Peter and Hazelmary Bull, the Christian owners of a bed and breakfast in Cornwall, appeared in court Monday to defend their refusal to allow a gay couple to share a room on the grounds of religious faith.
The Guardian reports on the proceedings at Bristol county court in the case, which could hold significant implications for religious liberty arguments in the U.K.
"In the first case of its kind, Peter and Hazelmary Bull denied the allegation that they discriminated against Martyn Hall and Steven Preddy because they were gay, but insisted their faith meant they believed unmarried couples should not share a room under their roof," reports the Guardian.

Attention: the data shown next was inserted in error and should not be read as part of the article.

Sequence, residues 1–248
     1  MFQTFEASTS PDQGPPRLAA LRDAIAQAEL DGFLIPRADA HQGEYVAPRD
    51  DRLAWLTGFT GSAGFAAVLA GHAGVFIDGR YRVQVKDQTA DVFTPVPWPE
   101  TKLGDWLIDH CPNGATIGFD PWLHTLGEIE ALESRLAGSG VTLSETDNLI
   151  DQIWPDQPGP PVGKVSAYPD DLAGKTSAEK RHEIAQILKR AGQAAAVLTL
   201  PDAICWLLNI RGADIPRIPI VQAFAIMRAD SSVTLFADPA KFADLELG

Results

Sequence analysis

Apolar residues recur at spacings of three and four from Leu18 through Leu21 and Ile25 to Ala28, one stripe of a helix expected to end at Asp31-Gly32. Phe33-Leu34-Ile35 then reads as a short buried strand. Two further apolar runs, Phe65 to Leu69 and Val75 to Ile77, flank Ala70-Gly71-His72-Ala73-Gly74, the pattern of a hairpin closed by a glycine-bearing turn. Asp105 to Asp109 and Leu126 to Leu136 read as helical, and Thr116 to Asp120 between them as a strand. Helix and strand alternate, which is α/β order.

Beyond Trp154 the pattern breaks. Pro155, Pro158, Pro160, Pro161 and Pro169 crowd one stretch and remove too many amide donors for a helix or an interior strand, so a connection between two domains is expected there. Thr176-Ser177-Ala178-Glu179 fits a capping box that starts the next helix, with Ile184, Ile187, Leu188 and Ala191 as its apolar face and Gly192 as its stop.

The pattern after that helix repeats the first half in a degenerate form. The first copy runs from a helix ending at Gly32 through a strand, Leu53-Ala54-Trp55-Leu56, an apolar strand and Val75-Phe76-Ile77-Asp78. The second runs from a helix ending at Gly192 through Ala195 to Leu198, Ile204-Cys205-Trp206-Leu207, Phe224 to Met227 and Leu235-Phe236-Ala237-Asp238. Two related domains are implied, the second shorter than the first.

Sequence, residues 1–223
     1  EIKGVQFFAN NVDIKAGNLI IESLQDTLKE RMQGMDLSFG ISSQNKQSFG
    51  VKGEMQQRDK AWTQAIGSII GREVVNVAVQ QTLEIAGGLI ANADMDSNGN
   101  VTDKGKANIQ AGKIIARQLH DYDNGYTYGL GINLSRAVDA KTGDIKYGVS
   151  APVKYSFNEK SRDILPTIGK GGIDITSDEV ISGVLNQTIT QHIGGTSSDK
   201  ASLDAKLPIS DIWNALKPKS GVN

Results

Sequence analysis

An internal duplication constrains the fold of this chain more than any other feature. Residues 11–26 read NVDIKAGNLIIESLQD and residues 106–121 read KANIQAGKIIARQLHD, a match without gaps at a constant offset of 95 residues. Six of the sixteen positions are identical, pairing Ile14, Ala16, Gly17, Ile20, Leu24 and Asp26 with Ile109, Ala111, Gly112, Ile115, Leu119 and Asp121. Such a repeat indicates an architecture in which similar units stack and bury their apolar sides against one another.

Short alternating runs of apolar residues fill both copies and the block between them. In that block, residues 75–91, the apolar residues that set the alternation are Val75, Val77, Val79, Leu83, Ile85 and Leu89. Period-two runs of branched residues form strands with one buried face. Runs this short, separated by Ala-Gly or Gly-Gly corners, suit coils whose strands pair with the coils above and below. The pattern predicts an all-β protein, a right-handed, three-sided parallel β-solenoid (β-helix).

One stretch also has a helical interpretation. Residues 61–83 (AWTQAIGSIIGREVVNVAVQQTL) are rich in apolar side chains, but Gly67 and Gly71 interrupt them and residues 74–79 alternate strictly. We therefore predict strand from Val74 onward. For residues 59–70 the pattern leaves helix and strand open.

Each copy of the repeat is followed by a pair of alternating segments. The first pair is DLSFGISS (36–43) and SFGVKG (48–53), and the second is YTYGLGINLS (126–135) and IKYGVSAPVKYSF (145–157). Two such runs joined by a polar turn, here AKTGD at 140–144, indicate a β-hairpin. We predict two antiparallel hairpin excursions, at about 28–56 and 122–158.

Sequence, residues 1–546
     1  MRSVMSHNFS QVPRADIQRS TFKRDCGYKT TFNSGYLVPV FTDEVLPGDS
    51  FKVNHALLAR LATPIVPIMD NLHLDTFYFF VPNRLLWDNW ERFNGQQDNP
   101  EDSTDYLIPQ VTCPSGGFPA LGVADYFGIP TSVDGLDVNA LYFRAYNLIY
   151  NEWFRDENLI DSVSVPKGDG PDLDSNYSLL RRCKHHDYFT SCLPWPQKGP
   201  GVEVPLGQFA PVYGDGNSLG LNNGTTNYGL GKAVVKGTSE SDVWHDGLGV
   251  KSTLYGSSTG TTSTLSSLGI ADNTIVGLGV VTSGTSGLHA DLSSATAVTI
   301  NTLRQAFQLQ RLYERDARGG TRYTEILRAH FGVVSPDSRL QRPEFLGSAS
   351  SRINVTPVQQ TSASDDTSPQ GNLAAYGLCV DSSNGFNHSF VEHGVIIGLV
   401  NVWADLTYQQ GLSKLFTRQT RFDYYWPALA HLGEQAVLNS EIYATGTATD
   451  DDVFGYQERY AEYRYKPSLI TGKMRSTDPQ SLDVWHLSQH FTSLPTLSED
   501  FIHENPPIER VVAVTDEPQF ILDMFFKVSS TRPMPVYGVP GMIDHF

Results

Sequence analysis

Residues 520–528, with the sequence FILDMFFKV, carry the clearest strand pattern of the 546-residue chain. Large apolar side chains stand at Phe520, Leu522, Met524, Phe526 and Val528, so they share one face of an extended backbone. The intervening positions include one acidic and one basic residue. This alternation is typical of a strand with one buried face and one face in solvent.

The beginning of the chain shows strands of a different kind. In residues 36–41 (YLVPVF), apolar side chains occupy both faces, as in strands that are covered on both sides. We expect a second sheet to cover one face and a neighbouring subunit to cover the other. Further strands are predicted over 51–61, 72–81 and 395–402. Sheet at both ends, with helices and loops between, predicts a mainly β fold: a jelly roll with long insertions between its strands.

Preddy and Hall, who are civil partners, are seeking £5,000 in damages under the Equality Act (Sexual Orientation) Regulations. They claim they had no idea about the policy before arriving for their stay at the inn near Penzance in September 2008.
In court Monday, Mrs. Bull said she failed to inform Preddy of the policy when she took his reservation over the telephone because she was ill.
Meanwhile, a manager for the inn tried to suggest that the Bulls had been set up by Preddy and Hall, claiming that the Stonewall group, to which the men belong, knew about the inn’s policy.